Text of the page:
So where did artists turn for inspiration? Light. Not the light as it had shone on people and objects for centuries, but the visual sensations emitted by light as it reflected from people and objects. There’s a word for these artists: Impressionists.

At the same time Monet was shining his special light on water lilies and Edison was beginning the process that did to the stars what the pre-Impressionists had done to art, Einstein was turning Newton’s theory of gravity on its head and himself into the great mind of the 20th century. 

That means, among other things, quantum physics.

Full disclosure: I have never been good at math or science. When I got to the chapter on Einstein and quantum theory, I hesitated. Experience had taught me that what would follow would be one big blur. But Watson had already turned into the science teacher I always wished I had. How did he do it? By not being a science teacher.

His background, as is evident from his writing, is literature, art and history. His mission is to turn people on. And unlike every other science teacher I ever knew, he doesn’t throw around words he assumes ordinary human beings should be embarrassed not to know. He explains them in language that is immediately accessible to any general reader. I still don’t know much about quantum theory, but thanks to Watson I’m no longer clueless.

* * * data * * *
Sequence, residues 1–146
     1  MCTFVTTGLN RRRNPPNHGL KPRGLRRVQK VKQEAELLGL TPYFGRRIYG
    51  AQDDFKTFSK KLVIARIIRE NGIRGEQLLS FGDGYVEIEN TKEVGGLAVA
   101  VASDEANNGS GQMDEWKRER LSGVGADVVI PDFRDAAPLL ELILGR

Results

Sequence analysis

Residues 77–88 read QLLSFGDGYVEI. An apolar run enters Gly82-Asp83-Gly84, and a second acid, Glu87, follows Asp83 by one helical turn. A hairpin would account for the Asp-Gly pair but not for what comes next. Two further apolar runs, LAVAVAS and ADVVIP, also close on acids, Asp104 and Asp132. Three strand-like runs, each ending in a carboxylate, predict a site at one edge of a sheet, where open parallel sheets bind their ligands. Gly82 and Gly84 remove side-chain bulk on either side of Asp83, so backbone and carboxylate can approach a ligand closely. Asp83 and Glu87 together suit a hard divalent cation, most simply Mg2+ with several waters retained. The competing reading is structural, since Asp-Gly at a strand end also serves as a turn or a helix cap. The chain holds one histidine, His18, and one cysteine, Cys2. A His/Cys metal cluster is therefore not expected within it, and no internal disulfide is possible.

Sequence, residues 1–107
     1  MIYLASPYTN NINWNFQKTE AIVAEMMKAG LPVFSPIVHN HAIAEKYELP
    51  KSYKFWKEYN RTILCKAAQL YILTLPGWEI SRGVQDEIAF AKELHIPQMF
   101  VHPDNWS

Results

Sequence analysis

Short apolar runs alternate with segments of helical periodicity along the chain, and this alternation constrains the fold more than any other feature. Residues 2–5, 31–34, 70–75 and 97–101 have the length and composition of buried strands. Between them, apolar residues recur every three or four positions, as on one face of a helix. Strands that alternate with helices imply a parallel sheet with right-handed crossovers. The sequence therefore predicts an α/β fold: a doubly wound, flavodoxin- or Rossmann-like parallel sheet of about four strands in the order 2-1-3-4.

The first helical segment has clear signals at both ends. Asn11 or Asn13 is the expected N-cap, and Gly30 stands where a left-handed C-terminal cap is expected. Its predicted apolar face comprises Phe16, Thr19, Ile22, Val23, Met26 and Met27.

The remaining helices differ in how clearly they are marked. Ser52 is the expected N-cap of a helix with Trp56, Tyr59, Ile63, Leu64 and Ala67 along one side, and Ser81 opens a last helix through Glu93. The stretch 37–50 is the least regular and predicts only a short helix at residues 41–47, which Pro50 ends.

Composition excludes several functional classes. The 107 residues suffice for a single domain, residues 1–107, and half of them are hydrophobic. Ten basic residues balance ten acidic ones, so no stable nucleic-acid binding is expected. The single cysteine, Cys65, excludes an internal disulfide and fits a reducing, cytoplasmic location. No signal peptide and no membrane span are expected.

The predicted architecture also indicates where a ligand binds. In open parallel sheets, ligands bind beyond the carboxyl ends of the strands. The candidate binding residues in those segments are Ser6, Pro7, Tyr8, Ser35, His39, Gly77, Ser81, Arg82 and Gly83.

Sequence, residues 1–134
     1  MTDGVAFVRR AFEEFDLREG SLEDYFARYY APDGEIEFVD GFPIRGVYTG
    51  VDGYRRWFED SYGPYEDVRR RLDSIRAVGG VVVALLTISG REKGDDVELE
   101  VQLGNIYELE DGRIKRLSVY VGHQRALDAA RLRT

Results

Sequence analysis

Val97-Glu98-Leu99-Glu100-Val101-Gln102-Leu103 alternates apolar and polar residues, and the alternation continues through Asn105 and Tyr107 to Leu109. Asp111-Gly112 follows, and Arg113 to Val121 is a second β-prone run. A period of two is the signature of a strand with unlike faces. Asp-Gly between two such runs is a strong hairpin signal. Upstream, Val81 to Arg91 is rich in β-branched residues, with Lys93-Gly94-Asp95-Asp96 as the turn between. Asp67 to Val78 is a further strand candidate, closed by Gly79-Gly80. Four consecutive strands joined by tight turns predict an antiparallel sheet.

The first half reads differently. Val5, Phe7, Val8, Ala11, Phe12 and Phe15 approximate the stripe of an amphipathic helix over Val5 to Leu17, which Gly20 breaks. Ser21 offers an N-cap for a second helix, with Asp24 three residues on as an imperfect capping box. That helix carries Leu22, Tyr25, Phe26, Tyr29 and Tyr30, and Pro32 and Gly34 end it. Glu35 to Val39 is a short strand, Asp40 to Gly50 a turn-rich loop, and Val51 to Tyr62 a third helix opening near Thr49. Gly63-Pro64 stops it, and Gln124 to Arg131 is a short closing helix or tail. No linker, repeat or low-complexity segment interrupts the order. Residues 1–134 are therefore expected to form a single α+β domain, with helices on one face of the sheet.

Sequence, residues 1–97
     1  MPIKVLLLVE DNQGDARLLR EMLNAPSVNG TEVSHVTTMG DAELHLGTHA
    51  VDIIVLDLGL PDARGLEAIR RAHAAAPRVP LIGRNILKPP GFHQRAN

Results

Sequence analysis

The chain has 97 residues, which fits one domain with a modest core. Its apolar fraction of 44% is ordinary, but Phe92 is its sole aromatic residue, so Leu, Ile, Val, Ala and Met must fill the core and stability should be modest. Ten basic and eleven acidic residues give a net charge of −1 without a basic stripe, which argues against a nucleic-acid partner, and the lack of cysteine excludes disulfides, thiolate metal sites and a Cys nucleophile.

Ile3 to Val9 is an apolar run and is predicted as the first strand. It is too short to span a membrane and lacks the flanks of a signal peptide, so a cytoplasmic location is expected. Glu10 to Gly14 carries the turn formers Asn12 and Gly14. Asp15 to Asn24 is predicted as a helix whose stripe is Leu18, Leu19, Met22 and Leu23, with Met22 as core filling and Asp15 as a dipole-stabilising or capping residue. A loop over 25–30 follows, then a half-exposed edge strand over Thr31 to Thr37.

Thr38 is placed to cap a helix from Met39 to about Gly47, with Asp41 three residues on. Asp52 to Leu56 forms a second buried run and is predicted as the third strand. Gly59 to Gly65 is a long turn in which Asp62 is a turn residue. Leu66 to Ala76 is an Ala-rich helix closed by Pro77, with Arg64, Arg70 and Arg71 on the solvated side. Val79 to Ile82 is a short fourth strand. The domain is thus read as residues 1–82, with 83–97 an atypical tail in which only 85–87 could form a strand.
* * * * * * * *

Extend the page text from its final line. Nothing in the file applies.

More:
Walking the walk 

To better explain what he writes about, the author has visited almost all of the places mentioned in his book. He’s seen everything from the rising of the sun on the darkest day of the year in Newgrange, Ireland, to the largest telescope mirror ever made. Twenty-eight feet in diameter, it will enable the Giant Magellan Telescope in Chile to discover First Light, that particular radiance that has been around since the universe was formed billions of years ago.

Before reading Watson’s book, I hadn’t heard of either Newgrange or the Giant Magellan. Now I know that light, because it isn’t matter and can’t decay, is eternal. It never goes away. 

Watson doesn’t just visit the places he writes about; he also reproduces in his kitchen some of the experiments he’s come across through his research.

I can see him hammering nails into a pizza pan to confirm the experiments with refraction that Ibn al-Haytham conducted in 969. At the same time, I couldn’t bear to envision him detaching the retina of a horse’s eye to create a camera obscura the way Descartes did sometime around 1630. The image inverted, and so did Watson’s stomach. 

My favorite of the many amazing people who populate the book’s narrative is Richard P. Feynman. Using words like “screwy,” “dopey” and “absurd” to show what happens when light collides with matter, Feynman created diagrams with squiggly lines that he also painted on the side of his Ford van.

He called his diagrams some “half-assedly thought-out pictorial semi-vision thing,” but they won him the Nobel Prize in 1965. One physicist called them “the sun breaking through the clouds with rainbow and pot of gold.”

The same could be said for Bruce’s “A Radiant History from Creation to the Quantum Age.”

Richard Andersen is the author of 30 books, most recently the novel “A Home Run for Bunny” (Levellers Press). He lives in Montague with his wife, Diane.